Finally, a statistical test is developed to assess the significance of positive values for Ilead(di,x) and Ilag(di,x). Surrogate data is created by keeping the list of diagnoses for each patient fixed and by shuffling the information about the year when the diagnoses were made. Assume that patient p has np diagnosis {xi} made in the years {τi} with i ∈ {1,…, np}. The surrogate data is constructed by replacing {τi} by a random permutation of itself. This procedure is repeated 1 000 times and the lead and lag indicators are computed for each surrogate dataset. We test the null hypothesis that the values for the lead and lag indicators observed in the data are as large as one would expect for indicator values taken from the surrogate data, where the temporal information has been randomly shuffled. The p-value for each lead and lag indicator is the probability of obtaining the observed values for Ilead(di,x) and Ilag(di,x) from the surrogate data. The null hypothesis is rejected if p<0.01, that is if out of 1 000 surrogate datasets less than ten give indicator values that are larger than the observed values.

A significant value of the lead indicator Ilead(di,x) suggests that the incidence of disease x is more likely in patients with pre-existing diabetes compared to the incidence of diabetes in patients with pre-existing disease x. A significant value of the lag indicator Ilag(di,x), on the other hand, suggests that diabetes is typically incident in patients already diagnosed with x. A similar approach to study lead/lag behavior between diseases, but without a test for statistical significance of the results, was proposed for networks of comorbid diseases [12].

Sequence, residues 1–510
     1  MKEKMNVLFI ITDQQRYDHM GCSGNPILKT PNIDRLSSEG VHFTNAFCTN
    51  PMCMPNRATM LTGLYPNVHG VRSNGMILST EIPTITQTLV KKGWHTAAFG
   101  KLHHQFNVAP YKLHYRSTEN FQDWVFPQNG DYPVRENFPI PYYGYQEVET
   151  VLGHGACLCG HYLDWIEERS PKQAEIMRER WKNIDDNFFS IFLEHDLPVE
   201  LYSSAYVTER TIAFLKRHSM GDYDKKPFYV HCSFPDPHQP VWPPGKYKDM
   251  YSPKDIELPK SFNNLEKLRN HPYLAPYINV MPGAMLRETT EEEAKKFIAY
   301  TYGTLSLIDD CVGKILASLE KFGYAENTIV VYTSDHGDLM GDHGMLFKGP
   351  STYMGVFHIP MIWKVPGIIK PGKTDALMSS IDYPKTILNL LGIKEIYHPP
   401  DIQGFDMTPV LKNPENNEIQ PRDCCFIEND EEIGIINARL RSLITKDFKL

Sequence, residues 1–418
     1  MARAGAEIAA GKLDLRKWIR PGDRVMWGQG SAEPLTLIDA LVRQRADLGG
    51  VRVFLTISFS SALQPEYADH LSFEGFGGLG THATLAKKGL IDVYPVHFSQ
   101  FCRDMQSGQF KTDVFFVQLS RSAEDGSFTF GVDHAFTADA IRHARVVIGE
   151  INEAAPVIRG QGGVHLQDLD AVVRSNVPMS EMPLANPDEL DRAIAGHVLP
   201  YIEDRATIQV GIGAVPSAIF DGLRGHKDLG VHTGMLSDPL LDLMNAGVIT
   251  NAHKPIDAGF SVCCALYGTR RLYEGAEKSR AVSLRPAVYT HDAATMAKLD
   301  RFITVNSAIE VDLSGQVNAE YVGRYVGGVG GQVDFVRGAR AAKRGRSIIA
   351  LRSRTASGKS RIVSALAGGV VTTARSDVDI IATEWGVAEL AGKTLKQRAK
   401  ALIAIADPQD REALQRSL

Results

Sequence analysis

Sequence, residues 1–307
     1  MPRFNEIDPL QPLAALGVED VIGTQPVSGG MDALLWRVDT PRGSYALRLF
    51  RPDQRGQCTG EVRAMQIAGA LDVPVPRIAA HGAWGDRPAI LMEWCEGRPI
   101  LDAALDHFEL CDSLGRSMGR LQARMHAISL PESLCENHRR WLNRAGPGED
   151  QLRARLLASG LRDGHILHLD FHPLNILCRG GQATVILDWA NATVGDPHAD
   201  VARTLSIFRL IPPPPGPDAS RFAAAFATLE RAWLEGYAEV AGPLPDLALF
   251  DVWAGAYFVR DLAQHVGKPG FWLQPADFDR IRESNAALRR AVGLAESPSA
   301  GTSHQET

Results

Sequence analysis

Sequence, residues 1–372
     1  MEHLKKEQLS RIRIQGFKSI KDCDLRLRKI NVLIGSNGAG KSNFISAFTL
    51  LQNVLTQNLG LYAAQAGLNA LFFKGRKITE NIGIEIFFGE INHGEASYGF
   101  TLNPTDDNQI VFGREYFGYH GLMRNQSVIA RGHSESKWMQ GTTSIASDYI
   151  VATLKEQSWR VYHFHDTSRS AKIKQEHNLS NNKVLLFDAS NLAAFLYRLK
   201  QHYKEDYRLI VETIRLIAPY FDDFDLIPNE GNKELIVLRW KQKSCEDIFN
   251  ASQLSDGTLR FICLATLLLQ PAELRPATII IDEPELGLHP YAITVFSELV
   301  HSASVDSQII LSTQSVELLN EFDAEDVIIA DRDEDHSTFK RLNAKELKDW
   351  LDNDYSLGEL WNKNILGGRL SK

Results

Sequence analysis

Fig. 1(a) shows the fraction of male and female inpatients of the entire population as a function of age. The inpatient fractions are around 20% for children under five, then drop to 10–15% for ages around ten, and from then on rise to more than 80% for 80 year-old patients, with an additional peak for females of age around 30, most likely due to child birth. With increasing patient age the inpatient sample becomes increasingly representative of the entire population. Fig. 1(b) shows the fraction of male and female DM1 inpatients as a function of age. The distributions have a first peak around the typical onset-age of ten for both male and females, and a second peak for ages 60 (70) for males (females). Fig. 1(c) shows the fractions of inpatients diagnosed with DM2 as a function of age, with comparably few patients below age thirty, and the bulk of male (female) patients concentrated around age 60 (70).

Fig 1. The fraction of inpatients in the entire population as a function of age is similar in males and females, except for an excess of females at the age around 30, most likely related to giving birth (a).

After a peak in early childhood, the fraction of inpatients increases to levels of above 80% in older age. The bulk of male (female) (b) DM1 and (c) DM2 patients is aged around 60 (70), for DM1 patients there is a second peak around age 10. The sex ratio SR(y,t) is shown for DM1 (d,e) and DM2 (f,g) patients and the number of their diagnoses (d,f) and their prescriptions (e,g). For patients younger than 60, with a comparably high number of comorbidities, female patients have less diagnoses but take more drugs than males.